husband's allowances for rental, residential expenses,subsistence, water,
electricity and telephone; bonuspaid to him; withholding tax and entrance
fee to the Marikinagun and Country Bluc paid by his employer for
hisaccount; and travelling allowance of his wife. On 26 and27 January 1954
the taxpayers asked for reconsideration reasoning that:

1) as to allowances for rental and utilities, Arthur did not receive money for
the allowances. Instead, the apartment is furnished and paid for by his
employer-corporation (the mother company of American International), for
the employer corporations purposes. The spouses had no choice but to
live in the expensive apartment, since the company used it to entertain
guests, to accommodate officials, and to entertain customers. According to
taxpayers, only P 4,800 per year is the reasonable amount that the
spouses would be spending on rental if they were not required to live in
those apartments. Thus, it is the amount they deem is subject to tax. The
excess is to be treated as expense of the company.
2) The entrance fee should not be considered income since it is an
expense of his employer, and membership therein is merely incidental to
his duties of increasing and sustaining the business of his employer.

3) His wife merely accompanied him to New York on a business trip as his
secretary, and at the employer-corporations request, for the wife to look at
details of the plans of a building that his employer intended to construct.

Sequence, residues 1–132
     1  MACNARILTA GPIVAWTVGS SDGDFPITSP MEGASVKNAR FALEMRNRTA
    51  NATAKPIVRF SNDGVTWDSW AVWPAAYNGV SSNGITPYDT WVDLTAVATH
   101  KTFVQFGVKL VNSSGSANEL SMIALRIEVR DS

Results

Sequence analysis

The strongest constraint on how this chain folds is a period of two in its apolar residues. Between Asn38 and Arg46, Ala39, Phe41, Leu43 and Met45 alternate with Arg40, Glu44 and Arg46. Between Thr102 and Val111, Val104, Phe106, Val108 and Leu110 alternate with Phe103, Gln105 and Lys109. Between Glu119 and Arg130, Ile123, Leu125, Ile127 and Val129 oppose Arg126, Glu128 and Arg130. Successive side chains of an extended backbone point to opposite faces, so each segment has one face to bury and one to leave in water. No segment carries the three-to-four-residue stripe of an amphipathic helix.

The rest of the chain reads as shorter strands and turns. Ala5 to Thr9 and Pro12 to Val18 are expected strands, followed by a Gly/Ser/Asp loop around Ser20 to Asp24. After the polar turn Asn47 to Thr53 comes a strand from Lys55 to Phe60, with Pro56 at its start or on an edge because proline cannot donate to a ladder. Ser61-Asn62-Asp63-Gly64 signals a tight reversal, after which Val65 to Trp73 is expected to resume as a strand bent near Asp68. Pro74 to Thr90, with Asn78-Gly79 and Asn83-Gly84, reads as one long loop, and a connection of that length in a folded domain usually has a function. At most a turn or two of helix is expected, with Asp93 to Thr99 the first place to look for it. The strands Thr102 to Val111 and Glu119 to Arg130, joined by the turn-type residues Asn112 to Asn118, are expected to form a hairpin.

Such must not be considered taxable income.
The Collector of Internal Revenue merely allowed the entrance fee as
nontaxable. The rent expense and travel expenses were still held to be
taxable. The Court of Tax Appeals ruled in favor of the taxpayers, that such
expenses must not be considered part of taxable income. Letters of the
wife while in New York concerning the proposed building were presented as
evidence.

ISSUE: Whether or not the rental allowances and travel allowances


furnished and given by the employer-corporation are part of taxable
income?

HELD: NO. Such claims are substantially supported by evidence.


These claims are therefore NOT part of taxable income. No part of the
allowances in question redounded to their personal benefit, nor were such
amounts retained by them. These bills were paid directly by the employer-
corporation to the creditors. The rental expenses and subsistence
allowances are to be considered not subject to income tax. Arthurs high